Reuben Lorch-Miller and Heidi Schlatter at Schroeder Romero

Reuben Lorch-Miller Untitled (Helicopters) 2004 video projection [still]

There was a time when my relationship to the helicopter was very simple. I absolutely loved these machines, and of course like most little kids I wanted one of my own.

Even if they had been used during the Korean War their role seemed to be fundamentally that of angels of mercy as they facilitated the evacuation of the wounded. Then, I think sometime during the horror of the Viet Nam years, I became aware of the concept of the helicopter gunship and the discovery deeply disturbed me: Helicopters were being used in anger. More recently these great noisy dragonflies have assumed an impossibly heavy role in several particularly indefensible contemporary wars in the Middle East, where they strike indiscriminate terror among both civilians and combatants whom we or Israel have labelled as the enemy.

Even here in a fundamentally peaceful Manhattan, while residents are not the target of helicopter-borne rockets and machine guns, we are all regularly assaulted day or night by the frightening whup-whup-whup of these almost unequivically sinister and fundamentally military flying machines as they pass or hover low above our homes, often shinning high-powered searchlights on apartments below.

Sometimes they come in packs and they stay in packs, and it is that very scary phenomenon which Reuben Lorch-Miller addresses in a powerful and strangely beautiful video currently being shown at Schroeder Romero* in Williamsburg.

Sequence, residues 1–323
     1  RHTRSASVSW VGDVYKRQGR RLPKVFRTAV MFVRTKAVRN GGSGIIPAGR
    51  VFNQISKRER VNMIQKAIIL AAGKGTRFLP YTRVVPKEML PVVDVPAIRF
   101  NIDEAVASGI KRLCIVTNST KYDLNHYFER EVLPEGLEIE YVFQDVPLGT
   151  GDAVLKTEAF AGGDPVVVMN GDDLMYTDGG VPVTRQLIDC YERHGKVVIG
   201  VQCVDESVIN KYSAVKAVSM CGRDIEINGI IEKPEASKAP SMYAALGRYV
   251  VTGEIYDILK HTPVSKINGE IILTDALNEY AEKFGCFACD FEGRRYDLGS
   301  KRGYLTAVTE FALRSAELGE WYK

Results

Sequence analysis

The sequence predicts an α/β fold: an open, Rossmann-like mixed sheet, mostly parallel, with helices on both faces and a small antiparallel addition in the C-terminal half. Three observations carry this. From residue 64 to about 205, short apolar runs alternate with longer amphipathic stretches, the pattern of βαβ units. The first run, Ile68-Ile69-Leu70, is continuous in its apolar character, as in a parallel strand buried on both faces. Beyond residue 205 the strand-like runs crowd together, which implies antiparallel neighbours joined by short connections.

I have to point out that although in the video the helicopters are for the most part only hovering in place, a still image like the one above is almost meaningless, especially without that nightmare sound. See the artist's site to download an excerpt which includes sound.

Heidi Schlatter Partridge Nest 2005 Duratrans in light box 16" x 20" [installation view]

In the main gallery Heidi Schlatter is showing rich lightbox photographs of staged deaths recorded in almost-ordinary landscapes. In each of these sets there seems to be something off - these are places neither quite natural nor obviously designed. The press release explains:

Heidi Schlatter's solo exhibition features lightbox images of rural locations in Switzerland and New York State, which draw connections between the natural landscape, photography and advertising. The recognizable logos in these oxymoronic scenes of faked deaths and accidents contrast the pervasive cultural optimism of branding and product placement with a sense of dread and doom.

* apparently because of a glitch, at the moment the gallery website does not include the current show

[image at the top from Schroeder Romero]

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Published on June 5, 2005 10:51 PM.

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